In a recent blog post, Microsoft revealed that the end goal for the attackers associated with the SolarWinds breach was obtaining access to client cloud data. The attackers started with compromising a DLL in official Solar Winds Orion updates to enable backdoor access to infected devices across multiple domains. The threat actors selected high-value target organizations that they had backdoor access to, and used that access to steal local and domain credentials of high-value users and move laterally. Once these users are found, the attackers created valid SAML tokens by either stealing the SAML signing certificate or modifying the existing federation trust. Lastly, the attacker created tokens that were used to access cloud resources, exfiltrate emails, and maintain persistence.
As more information about a potential end goal comes to light, recent guidance concerning protecting SAML tokens from both the NSA and Microsoft becomes a higher priority. Gaining a clear picture of who has authorization to different cloud resources is as important as on-premise resources. Managing authorized user activity, following the recommended guidance around SAML, and building detections for anomalous user activity can enable an organization to protect themselves better. One way for threat hunters to detect “Golden SAML” attacks is to compare the security events from the Active Directory Federation Server (ADFS) event ID 1200 and 1202 to the corresponding cloud service provider logs, and note any discrepancies in which the cloud service provider showed a federated authentication, but there was no matching event 1200 and 1202 from the ADFS. That could indicate that a SAML request was forged by an attacker, rather than issued by the ADFS after a successful authentication. Another method that attackers can use to impersonate users is to add a new trusted ADFS domain. To monitor that, look for event ID 307 in the ADFS logs to find federation service configuration change events, and correlate with event ID 510 using the same instance ID to find “Configuration: Type: IssuanceAuthority” where the domain listed as the new authority is unauthorized. Resources for further learning are listed below.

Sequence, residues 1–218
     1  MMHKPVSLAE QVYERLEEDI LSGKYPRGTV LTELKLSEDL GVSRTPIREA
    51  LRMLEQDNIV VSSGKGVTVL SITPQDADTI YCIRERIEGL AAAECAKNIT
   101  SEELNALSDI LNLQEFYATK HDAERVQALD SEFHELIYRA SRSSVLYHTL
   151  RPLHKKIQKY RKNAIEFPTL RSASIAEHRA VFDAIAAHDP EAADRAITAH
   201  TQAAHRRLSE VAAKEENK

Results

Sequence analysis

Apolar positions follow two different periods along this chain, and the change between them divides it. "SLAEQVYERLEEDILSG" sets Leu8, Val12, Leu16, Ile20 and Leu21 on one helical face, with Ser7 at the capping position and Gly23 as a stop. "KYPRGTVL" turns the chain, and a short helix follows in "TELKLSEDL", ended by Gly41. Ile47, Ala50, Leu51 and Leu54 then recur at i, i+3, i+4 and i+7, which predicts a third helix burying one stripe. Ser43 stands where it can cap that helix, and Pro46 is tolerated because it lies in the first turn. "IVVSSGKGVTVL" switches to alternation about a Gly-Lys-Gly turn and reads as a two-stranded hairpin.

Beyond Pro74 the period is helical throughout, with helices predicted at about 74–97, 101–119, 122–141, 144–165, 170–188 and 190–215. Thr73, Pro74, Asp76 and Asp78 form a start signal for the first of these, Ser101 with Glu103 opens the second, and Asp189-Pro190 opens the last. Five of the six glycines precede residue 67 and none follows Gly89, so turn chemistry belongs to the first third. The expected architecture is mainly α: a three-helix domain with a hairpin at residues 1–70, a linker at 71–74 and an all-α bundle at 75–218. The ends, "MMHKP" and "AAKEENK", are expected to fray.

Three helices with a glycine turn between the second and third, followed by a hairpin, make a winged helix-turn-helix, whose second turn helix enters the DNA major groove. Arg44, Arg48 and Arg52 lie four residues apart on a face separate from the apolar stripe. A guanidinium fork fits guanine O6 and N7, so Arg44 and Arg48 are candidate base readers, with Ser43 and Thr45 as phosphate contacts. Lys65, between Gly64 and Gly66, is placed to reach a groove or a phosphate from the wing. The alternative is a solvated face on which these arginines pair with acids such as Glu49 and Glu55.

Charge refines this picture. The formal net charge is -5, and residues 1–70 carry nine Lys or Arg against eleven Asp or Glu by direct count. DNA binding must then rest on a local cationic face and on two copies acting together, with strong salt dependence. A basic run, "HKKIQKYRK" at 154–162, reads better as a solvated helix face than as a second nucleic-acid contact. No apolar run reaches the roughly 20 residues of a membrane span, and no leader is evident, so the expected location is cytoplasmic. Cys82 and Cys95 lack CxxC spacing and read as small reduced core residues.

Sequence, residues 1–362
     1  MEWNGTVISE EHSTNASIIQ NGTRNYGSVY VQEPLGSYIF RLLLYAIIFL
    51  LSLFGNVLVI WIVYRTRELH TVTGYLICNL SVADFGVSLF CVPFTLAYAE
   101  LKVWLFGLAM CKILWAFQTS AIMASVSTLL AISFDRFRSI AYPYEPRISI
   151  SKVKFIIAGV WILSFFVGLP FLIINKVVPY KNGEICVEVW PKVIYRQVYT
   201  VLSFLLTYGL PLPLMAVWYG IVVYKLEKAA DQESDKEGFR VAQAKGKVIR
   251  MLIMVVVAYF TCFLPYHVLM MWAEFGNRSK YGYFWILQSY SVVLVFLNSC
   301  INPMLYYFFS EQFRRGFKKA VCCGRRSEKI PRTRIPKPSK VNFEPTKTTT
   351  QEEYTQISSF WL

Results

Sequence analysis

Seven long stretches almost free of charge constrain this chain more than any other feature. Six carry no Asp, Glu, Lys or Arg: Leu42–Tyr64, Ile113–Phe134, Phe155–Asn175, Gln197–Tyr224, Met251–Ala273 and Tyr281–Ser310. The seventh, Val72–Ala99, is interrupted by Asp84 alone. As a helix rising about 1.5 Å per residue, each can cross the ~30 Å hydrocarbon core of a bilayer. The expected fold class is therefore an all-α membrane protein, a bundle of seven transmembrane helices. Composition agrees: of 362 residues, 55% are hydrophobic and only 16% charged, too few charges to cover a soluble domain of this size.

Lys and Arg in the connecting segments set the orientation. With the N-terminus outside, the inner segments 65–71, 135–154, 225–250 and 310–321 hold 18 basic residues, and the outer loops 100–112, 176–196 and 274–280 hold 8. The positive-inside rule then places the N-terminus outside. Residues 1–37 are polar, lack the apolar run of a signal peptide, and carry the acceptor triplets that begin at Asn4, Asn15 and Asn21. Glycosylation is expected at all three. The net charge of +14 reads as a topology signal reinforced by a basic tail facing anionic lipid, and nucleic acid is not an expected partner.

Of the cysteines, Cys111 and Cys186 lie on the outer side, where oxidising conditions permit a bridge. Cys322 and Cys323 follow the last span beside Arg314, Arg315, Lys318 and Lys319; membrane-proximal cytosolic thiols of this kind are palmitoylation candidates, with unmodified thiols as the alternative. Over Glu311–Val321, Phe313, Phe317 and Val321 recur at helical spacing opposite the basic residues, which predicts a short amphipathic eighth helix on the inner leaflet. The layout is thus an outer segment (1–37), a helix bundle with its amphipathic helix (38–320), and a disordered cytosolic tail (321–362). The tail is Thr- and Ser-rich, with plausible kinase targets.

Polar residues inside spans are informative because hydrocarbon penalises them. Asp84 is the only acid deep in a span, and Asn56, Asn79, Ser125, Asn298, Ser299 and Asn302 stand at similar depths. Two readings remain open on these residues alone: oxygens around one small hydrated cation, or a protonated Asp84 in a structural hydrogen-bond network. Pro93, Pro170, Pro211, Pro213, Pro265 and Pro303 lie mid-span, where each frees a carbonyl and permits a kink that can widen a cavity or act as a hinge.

Resources and References:
Using Microsoft 365 Defender to protect against Solorigate
NSA warns of hackers forging cloud authentication information
Detecting Abuse of Authentication Mechanisms (NSA)